New to ASP.NET Core and not sure where to store configuration information in a secure fashion? Not how to implement this with Azure Web Apps? Let’s walk through it!
- At a minimum, store your config info in appsettings.json
- DO NOT put in passwords and tokens in there. Instead, use the ASP Core Secrets function
- For Azure Web Apps, enter the sensitive info into the App settings area
When you are writing your application you will inevitably need to store configuration information such as a connection string to a database or an encrypted token for a third party service.
In ASP.NET Core you can specify numerous sources of configuration information, a common default being the appsettings.json file. You can read more about the details here.
Why is this cool?
- You can specify a hierarchy of sources
- You can use formats like JSON
- You can group config info into hierarchies
- You can configure the data to be stored in a nice settings class, to be provided via dependency injection
- You can also use the UserSecrets function to keep private information out of your source code
Here’s an example of a Startup:
The things to point out is that the configuration information is read according the order you set out. You’ll notice it will
- check an appsettings.json
- check one specific to my environment (defined by the ASPNETCORE_ENVIRONMENT environment variable under Properties > Debug)
- check environment variables (more on that in a second)
- if it’s development mode, it will check your secrets
Here’s an example of a appsettings.json file
Before we go further – two quick side-notes.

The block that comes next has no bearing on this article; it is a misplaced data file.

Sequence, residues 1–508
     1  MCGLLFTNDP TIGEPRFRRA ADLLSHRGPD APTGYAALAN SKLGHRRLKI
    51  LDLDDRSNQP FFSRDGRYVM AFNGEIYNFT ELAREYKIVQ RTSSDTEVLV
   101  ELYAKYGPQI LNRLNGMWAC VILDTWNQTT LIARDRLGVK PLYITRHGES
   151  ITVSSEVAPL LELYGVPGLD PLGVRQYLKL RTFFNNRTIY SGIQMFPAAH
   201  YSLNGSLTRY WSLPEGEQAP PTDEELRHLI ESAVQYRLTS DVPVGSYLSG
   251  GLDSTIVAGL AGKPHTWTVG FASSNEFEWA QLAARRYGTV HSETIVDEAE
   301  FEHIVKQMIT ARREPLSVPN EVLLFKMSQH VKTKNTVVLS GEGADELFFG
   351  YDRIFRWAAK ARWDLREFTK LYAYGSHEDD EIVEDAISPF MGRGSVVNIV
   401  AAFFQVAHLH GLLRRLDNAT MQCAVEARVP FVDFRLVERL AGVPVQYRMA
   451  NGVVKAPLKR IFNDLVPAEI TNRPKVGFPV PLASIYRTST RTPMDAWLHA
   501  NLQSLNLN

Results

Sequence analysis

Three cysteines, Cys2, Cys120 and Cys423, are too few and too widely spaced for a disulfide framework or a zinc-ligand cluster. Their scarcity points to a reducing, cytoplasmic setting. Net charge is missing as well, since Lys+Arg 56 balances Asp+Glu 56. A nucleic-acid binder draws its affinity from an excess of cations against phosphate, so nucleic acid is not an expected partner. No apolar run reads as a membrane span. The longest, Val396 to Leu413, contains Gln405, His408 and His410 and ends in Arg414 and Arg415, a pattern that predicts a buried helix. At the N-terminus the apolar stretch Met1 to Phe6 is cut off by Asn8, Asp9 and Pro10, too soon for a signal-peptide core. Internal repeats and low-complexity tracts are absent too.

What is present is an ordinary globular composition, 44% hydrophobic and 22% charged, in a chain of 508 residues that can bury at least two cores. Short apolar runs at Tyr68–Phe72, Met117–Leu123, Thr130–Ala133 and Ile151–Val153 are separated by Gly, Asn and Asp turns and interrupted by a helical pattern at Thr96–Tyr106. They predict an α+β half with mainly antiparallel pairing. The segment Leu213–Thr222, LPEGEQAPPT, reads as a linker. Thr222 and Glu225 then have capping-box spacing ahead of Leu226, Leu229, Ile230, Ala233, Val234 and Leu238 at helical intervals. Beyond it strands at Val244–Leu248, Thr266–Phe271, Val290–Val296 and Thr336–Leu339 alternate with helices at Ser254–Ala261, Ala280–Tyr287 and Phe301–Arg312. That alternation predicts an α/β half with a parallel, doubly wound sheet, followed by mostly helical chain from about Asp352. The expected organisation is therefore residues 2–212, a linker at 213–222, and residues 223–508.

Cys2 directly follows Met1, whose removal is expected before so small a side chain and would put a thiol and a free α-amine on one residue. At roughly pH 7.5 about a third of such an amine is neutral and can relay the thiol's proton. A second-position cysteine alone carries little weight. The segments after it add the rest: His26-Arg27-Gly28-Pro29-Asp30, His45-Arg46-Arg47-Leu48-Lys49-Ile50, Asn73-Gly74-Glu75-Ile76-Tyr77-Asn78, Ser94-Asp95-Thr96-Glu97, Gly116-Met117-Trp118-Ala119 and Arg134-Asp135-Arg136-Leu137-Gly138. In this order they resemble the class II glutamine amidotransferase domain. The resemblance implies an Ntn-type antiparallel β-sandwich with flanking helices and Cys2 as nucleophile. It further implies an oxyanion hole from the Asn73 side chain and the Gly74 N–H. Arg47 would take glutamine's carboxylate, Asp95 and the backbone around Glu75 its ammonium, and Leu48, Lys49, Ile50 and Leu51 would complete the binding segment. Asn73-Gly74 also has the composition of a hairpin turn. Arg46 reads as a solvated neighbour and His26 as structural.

Quick note #1 – Environments
If you’re not familiar with environments in ASP.NET Core, think of it simply as a way of your code knowing you’re in development / staging / production, etc.
This is very useful in a bunch of scenarios. For example:
- If you’re in dev, you can tell ASP.NET Core to use un-minified JS you have locally BUT in production, used the minified version from the CDN
- You can setup different connection strings based on dev / staging / production
- Azure Web Apps have a very cool slot function. Each slot can have different environment variables and configuration information
Quick note #2 – User Secrets
Never put passwords or other sensitive information into source code and especially don’t commit it into source control.
A far better idea is to never put it in your source code in the first place. You can read about in detail here. TL;DR version: this tool stores the data in a separate file within your user profile.
In my code above you’ll see I told it to use secrets if I’m in development mode.
Development mode – quick review
Let’s quickly review in development mode (on your PC): you’ll keep secrets in a separate file and other config info in something like your app.config.
If you wanted to test locally you could create an app settings file specific to that environment (i.e. appsettings.staging.json) and set the Environment Variable.
What about Azure Web Apps?
When you deploy to Azure Web Apps, your app will be expecting the configuration information. If you do not provide it with the critical config info, you app may not run.
By default, the deployment tool within Visual Studio will not deploy your appsettings.json file. And let’s be clear: DO NOT UPLOAD YOUR appsettings.json file. You don’t want someone downloading the file…
Instead, go under your application, to Application settings. You’ll then see App settings and Connection strings. They store key pairs. Both are near identical in purpose except that Connection strings will automatically prefix the name with the type of the database.
- If you select “Sql Databases”, the prepended string is “SQLAZURECONNSTR_”
- If you select “SQL Server” the prepended string is “SQLCONNSTR_”
- If you select “MySQL” the prepended string is “MYSQLCONNSTR_”
- If you select “Custom” the prepended string is “CUSTOMCONNSTR_”
These settings will get loaded as Environment variables. Remember the code snippet: we got it to check environment variables. That’s how it will work.
If you look at our appsettings.json example above, you’ll notice it’s in a hierarchy. To enter it above, simply type one long string with colons separating each level i.e. ApplicationInsights:InstrumentKey